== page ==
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Living abroad with anxiety can be tough.
Having expat anxiety can be seriously uncomfortable.
I remember the first time I shared my anxiety with someone while I was studying abroad.
“Hey, this is kind of awkward,” I said to my 3 flatmates in London.
We had only been there a few days, and we were all new study abroad students in London.
“But I get really anxious around lots of people and in noisy settings, so I probably won’t be joining you when you go out at night much.” (I said ‘much’, but meant ‘definitely not ever, are you even kidding me, not over my dead body’)
They understood and spoke up that it was totally fine, we could still do other things together.
I felt an instant self of relief.
I didn’t want my new friends to think I was a complete loser when I denied their offers to explore the coolest clubs in London or stay out past 2am in crowded places, but I would 100% not be doing that, thank you very much.
Moving abroad to the UK as an American can be scary enough as it is, but moving abroad with anxiety can be TERRIFYING.
My own anxiety has manifested itself in different ways through my childhood and adult life, but in general, I’m actually not a worrier.
I had no problem with the general uncertainties of life or what would come after my first semester in London. I dealt with culture shock, but was overall happy.
I knew I could handle it if my plane got delayed or I had to change my travel plans, or if everything fell apart with my internship and needed to find a new one (oh, that happened!).
But as soon as I was in a large group of people (think: pub, club, large event) with varying degrees of music and conversations, I was OUT THE DOOR.
Goodbye, see you later, not interested.
My heart would start racing and I couldn’t breathe and I felt so uncomfortable in those moments that it was easier to just avoid it altogether.
And sometimes, removing myself from it wasn’t even enough if I could still hear it happening.
I remember crying on the phone to my dad in college once when there was a party going on next door because I felt so scared and so out of control (am I making myself sound fun yet?).
So when I told my parents I was going to study in London, I’m sure their first thought was more along the lines of: “Excuse me, what did you say?”
I didn’t exactly seem like a recipe for someone who would thrive during a study abroad program, but here I am, eight years later, enjoying the UK (mostly) and having conquered a lot of those issues.
Whether you have anxiety over social situations, life in general, or anything else, here are four tips on having a successful move abroad.
1. Prepare Before You Go
I knew before I went abroad that I dealt with anxiety, and I was thankfully a forward-thinking enough 19 year old to decide to make use of my college’s counseling center and go talk to someone about how to deal with it abroad.
(By the way – going to talk to someone does not mean you’re weak, it means you are brave and self-aware, so don’t let anyone else make you think otherwise).
I was assigned a nice grad student who chatted with me through a few sessions on how I would handle anxiety abroad, in an unfamiliar place without my usual safety nets.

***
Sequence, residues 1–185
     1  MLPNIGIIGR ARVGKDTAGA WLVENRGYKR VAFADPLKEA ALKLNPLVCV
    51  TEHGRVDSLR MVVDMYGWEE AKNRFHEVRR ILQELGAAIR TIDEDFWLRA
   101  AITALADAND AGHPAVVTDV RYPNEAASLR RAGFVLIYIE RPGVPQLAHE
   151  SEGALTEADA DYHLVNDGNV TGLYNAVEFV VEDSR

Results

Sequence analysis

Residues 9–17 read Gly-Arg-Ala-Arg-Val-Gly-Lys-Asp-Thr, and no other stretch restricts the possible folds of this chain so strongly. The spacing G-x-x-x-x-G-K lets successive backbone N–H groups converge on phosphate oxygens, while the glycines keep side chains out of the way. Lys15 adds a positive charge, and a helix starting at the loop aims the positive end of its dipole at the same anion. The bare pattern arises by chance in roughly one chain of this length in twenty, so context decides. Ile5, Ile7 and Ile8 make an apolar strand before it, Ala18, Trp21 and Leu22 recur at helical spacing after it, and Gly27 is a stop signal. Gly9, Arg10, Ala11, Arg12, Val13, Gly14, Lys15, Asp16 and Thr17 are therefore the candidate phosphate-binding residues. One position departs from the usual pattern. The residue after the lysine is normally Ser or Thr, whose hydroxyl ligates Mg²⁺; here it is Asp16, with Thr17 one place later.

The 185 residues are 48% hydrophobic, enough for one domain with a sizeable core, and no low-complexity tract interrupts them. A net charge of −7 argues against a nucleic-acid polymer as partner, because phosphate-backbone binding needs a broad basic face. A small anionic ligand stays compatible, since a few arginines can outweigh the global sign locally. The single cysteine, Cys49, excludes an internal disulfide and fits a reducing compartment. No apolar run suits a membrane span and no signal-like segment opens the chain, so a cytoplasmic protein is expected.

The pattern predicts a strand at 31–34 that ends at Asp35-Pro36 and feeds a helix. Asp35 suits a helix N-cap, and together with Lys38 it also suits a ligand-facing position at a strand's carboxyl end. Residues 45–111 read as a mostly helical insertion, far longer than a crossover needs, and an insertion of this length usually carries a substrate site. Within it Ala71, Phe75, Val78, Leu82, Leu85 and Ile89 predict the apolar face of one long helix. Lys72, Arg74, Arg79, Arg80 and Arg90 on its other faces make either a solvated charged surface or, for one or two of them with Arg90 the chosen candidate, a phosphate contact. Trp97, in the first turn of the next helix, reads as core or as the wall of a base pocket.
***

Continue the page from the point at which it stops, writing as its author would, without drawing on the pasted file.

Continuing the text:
I even went to an anxiety coping group where you were meant to talk to other people about their experiences, which is hilarious in retrospect as we were all too anxious to say anything.
But, okay, it’s the thought that counts!
2. Find a Safe Place in Your New Neighborhood/Town/Country
One of the hardest parts of moving abroad is that you can feel like nowhere is ‘safe’ – everywhere is new and unfamiliar and that’s not really helpful when you’re struggling with anxiety.
Especially if you’re living with other people, you’ll want to find a place that you can go to when you need to ‘get away.’
It helped me find my place in the city and I knew that if I was overwhelmed or needed a ‘time-out’ from life, I could head there.
3. Be Honest
Especially among people you’re going to be living with, be honest about what you struggle with if you feel like it will help (and it almost always does, particularly when making friends as an expat).
I think my roommates would have had a different reaction to me if I just constantly turned them down without explaining why as I would have come across a little stand offish, but being honest meant that they were happy to ‘meet me where I was’ and plan to do other things together.
One of those girls was a bridesmaid at my wedding five years later, so all in all, it worked out!
4. Have a Coping Mechanism in the Moment
Sometimes, you’re going to find yourself stuck in a situation that traditionally freaks you out.
The first time I celebrated his birthday with my then-boyfriend, now-husband, he wanted to get together at a dark and busy pub with his friends.
Literally my worst nightmare at the time.
But I wanted to be able to go, so I concentrated on a few coping mechanisms I had learned in my pre-trip prep and made use of them when I was there.
And when it all became LEVEL 10 MUST GET OUT OF HERE RIGHT NOW, I just walked out onto the sidewalk outside for a few minutes before I felt ready to go back in.
No one noticed, except my boyfriend who knew what I was doing because I had told him, and I was able to collect my thoughts before heading back in and talking some more.
The bottom line is that living abroad is not just for traditionally adventurous people who thrive in new settings – it can be an amazing experience for anyone.
Have you had an experience studying or living abroad with anxiety? Tell me your story in the comments!